B2B International
B2B International

October 8, 2007

From all the international projects we have carried out at B2B International, we know that knowledge of cultural and regional differences; especially in Asia, are crucial in any market research project running smoothly from beginning to end. If you are considering carrying out research in Asia then the following ten tips will hopefully help you along the way.

Interviewing During The Day:
Apart from in China, you will find that most respondents from countries in Asia are unable to commit to interviews during the day, due to work commitments

Telephone Interviews:
Business telephone interviews are usually kept to within 20 minutes to prevent respondent fatigue and to avoid a high drop-out rate.

Size Of Living Area:
In Japan, living areas tend to be much smaller than those in western countries such as the US. As a result, client observations teams should be kept to three (including the translator).

Online Surveys:
Overall, response to online surveys in Asia tends to yield much lower response rates that in the US and Europe (with the exception of Japan and Korea). Most respondents, especially business respondents, tend to be less responsive to online surveys.

Internet Infrastructure:
The internet structure in certain countries such as Indonesia, Vietnam and the Philippines tends to be weaker than other Asian countries such as Japan, Korea, and Singapore.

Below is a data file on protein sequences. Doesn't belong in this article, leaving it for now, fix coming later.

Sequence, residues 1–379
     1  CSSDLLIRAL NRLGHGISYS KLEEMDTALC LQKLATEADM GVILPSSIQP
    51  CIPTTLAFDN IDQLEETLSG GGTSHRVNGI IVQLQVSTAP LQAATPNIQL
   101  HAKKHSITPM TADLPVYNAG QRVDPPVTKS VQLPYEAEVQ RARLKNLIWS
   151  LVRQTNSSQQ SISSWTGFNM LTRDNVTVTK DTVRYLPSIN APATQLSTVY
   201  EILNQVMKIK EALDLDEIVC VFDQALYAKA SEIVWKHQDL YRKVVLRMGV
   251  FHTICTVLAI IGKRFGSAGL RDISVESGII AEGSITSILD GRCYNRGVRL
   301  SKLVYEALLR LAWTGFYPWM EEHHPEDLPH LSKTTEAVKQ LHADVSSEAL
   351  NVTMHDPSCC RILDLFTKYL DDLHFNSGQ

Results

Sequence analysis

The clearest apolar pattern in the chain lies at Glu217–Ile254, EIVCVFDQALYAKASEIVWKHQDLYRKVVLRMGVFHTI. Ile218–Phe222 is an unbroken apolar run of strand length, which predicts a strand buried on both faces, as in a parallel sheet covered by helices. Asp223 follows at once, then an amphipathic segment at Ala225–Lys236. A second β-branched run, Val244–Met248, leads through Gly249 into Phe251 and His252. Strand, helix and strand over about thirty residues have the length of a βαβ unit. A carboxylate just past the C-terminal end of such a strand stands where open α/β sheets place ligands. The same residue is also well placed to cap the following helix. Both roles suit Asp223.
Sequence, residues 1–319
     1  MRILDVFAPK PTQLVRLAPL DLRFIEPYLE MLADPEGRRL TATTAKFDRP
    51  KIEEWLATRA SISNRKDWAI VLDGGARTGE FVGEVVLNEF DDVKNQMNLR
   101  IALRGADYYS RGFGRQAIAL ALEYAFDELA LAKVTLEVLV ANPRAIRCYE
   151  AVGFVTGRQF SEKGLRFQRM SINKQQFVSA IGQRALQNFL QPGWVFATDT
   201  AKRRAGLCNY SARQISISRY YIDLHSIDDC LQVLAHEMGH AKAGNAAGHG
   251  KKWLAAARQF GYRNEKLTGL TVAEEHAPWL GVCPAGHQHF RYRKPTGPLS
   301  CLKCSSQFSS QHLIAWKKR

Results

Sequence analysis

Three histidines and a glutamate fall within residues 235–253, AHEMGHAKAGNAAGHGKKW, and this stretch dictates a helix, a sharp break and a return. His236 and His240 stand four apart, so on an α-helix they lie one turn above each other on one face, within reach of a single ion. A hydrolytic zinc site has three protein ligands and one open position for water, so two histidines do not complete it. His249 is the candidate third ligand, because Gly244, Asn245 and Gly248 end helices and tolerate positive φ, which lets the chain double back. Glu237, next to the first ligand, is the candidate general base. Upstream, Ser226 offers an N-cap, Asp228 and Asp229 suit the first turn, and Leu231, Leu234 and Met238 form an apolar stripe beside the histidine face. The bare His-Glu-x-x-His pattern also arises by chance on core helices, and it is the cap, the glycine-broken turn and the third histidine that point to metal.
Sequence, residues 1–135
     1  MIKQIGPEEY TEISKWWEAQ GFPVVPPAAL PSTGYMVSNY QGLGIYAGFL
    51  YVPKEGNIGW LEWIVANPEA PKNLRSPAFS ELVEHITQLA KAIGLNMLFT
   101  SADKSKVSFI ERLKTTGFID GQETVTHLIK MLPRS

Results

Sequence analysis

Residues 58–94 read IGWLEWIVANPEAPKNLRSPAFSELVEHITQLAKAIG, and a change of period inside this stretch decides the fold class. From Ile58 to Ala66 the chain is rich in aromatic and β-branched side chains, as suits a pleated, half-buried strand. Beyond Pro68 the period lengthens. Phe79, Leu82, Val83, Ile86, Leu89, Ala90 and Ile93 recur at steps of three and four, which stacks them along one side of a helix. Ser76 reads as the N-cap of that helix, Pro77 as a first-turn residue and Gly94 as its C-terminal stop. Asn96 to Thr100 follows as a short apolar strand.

Cost of Living:
Doing research in Japan, Korea, Singapore and Hong Kong tends to be more expensive than other Asian countries like Indonesia, Vietnam, and the Philippines due to the higher cost of living.

Travelling in Japan can be extortionate – a taxi ride from the Airport into the centre can cost as much as £200! Therefore, the subway is still the most convenient and cost effective way of travelling within the city.

Focus Groups:
Due to the long working hours and travelling time in countries such as Japan and Korea – it is typical for only one focus group to be held in an evening.

Courtesy Biasness:
Being such polite people in general, the respondents in Indonesia, Thailand and the Philippines tend to exhibit courtesy biasness over their other Asian counterparts, by usually giving higher scores when they are asked ratings questions.

Weather Conditions and Traffic:
These tend to affect turn out rate for focus groups and face-to-face interviews in Vietnam, Indonesia, Malaysia, and the Philippines.

If you are interested in carrying out market research in China or market research in Asia then contact B2B China on +86 (0)10 6515 6642 or visit our website at https://www.b2binternational.com.cn/English/index.html